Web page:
PORTLAND – Opponents of a proposal for a popularly elected mayor to lead Maine’s largest city plan to run a low-budget campaign focused on the projected cost to taxpayers.

They say that paying a mayor $66,000 a year — plus benefits and a support staff — would be too expensive at a time when Portland is making cuts elsewhere to keep spending and taxes down.

It will likely cost $150,000 a year to establish a mayor’s office in City Hall, said City Councilor Cheryl Leeman, who is leading Citizens to Retain Responsible Government.

“Are people not looking around at the economy?” Leeman asked.

Jed Rathband, manager of the Elect Our Mayor, Yes on 1 group, said the $66,000 salary would be “very modest.”

He said the mayor wouldn’t have a staff, and the mayor’s expanded role would allow the council to reduce staffing in the city manager’s office, such as one of the two assistant city manager positions.

Rathband said the mayor would be able to veto the budget, and it would take a vote of six of the nine councilors to override the veto.

“A mayor with veto power over the budget will create a more efficient city government,” he said.

Leeman announced her campaign during a press conference Wednesday at City Hall. Her supporters include Mayor Nicholas Mavodones Jr., Councilors Dory Waxman and John Coyne, former Councilors Jim Cloutier and Linda Abromson, and former Planning Board Chairman Cyrus Hagge.

Councilors who support an elected mayor include Jill Duson, John Anton, David Marshall and Kevin Donoghue.

Under the current city charter, the council selects one of its members to serve as mayor for a one-year term.

Question 1 on Portland’s Nov. 2 ballot, proposed by the Portland Charter Commission, calls for voters to elect a mayor for a four-year term. As in the current system, the mayor would be a voting member of the City Council and chair its meetings.

Cloutier said he has long supported establishing an elected mayor with executive authority. The mayor in this proposal would be too weak, he said.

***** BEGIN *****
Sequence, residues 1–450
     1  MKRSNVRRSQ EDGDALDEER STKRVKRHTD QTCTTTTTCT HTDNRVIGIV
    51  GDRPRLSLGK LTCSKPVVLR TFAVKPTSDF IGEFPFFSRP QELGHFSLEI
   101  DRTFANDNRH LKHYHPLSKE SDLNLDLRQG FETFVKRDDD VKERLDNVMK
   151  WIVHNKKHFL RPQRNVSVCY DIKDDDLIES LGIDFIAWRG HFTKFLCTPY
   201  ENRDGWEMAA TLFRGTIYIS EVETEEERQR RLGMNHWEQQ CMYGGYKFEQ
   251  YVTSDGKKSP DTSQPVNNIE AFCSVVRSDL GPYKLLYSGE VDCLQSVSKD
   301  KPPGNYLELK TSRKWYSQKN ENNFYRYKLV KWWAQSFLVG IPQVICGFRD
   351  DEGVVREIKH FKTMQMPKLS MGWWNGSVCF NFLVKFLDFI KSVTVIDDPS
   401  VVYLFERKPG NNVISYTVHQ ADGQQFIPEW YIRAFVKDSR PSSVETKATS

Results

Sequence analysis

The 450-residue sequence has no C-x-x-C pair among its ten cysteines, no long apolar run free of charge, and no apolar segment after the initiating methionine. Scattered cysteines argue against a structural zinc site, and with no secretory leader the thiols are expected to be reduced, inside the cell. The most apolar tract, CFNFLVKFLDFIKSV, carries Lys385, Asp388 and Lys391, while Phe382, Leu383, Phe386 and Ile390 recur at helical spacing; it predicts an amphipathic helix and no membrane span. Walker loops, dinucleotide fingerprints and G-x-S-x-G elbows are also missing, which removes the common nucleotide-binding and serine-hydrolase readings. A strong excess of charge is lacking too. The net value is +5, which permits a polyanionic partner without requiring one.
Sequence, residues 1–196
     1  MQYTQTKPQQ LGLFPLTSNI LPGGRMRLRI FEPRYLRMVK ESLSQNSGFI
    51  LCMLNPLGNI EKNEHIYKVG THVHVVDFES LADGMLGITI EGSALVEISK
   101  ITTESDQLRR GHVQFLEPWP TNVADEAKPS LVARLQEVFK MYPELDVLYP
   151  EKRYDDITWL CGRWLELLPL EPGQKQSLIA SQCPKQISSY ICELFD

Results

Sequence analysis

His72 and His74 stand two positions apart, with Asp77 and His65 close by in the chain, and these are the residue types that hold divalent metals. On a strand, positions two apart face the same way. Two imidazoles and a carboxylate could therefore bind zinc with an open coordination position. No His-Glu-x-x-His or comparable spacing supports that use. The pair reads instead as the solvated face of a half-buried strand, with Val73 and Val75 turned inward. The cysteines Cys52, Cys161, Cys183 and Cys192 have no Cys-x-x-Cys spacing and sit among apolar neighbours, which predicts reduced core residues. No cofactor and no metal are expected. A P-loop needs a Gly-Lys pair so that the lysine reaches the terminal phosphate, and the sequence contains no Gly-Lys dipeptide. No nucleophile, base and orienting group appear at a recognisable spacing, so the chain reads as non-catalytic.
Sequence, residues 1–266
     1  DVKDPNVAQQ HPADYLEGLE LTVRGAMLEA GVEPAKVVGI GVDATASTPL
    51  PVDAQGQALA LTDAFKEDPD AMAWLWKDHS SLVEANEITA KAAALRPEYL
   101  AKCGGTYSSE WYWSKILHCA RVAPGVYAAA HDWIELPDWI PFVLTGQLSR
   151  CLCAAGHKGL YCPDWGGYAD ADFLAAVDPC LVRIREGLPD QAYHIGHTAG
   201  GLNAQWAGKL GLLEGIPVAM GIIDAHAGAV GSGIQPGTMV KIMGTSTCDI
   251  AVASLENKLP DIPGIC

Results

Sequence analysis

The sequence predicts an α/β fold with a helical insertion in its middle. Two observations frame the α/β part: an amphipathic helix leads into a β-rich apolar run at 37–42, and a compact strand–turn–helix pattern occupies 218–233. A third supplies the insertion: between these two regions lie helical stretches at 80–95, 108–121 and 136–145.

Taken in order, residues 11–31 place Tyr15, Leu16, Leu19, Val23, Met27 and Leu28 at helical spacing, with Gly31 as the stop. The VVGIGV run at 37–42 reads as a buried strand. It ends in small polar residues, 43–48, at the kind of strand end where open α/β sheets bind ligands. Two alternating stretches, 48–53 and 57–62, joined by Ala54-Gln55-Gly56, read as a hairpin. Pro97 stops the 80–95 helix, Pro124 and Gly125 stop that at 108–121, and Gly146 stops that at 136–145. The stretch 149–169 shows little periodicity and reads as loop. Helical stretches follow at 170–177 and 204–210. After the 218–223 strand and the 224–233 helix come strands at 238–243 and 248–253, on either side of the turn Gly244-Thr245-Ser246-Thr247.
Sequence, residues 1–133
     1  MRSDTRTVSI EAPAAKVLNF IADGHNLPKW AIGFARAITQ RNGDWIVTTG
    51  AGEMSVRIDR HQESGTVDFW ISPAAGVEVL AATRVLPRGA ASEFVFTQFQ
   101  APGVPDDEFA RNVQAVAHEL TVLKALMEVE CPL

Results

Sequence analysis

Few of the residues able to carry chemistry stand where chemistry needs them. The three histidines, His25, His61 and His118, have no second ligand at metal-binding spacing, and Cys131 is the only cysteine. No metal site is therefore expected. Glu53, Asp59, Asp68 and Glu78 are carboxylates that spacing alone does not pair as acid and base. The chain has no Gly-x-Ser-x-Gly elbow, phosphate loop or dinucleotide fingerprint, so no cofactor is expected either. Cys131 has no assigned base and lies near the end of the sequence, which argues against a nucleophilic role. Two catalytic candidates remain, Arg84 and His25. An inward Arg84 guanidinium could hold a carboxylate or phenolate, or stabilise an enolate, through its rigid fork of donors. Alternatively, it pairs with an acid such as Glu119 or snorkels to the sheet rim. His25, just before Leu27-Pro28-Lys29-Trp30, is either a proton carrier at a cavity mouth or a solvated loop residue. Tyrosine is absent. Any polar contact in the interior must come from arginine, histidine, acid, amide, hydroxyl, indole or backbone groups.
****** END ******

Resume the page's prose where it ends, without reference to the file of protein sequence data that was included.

“This is simply another way to pick the chairman of the City Council,” Cloutier said.

Mavodones said the elected mayor would have the same duties as the current mayor, and no more power.

“If five councilors disagree with him, this mayor is basically neutered,” he said.

Mavodones said he doesn’t like the proposed system of electing a mayor: ranked choice voting.

Voters would rank candidates in order of preference by filling in a first-choice bubble next to their favorite candidate, a second-choice bubble next to their second favorite, and so on.

The first-choice votes would be counted for all candidates. If no candidate got a majority, the ballots would be recounted and the last-place candidate would be eliminated. The remaining candidates would get any second-choice votes cast for them on the ballots won by the eliminated candidate.

Mavodones said the system is so convoluted that it would confuse many voters and fail to produce a political mandate.

The elected mayor and ranked choice voting are bundled together in Question 1. Mavodones said the Charter Commission should have given voters the ability to vote on the issues separately.

Rathband said a crowded field of candidates would almost ensure that the winner fails to get a majority, requiring a run-off election that would cost the city more money.

Ranked choice voting, he said, would eventually produce a winner with a majority.

Staff Writer Edward D. Murphy contributed to this report.

Staff Writer Tom Bell can be contacted at 791-6369 or at: 

[email protected]

 This article was amended at 11:24 a.m. on Thursday, September 16, 2010 to remove Dan Skolnik’s name from the list of city councilor’s who support an elected mayor of Portland.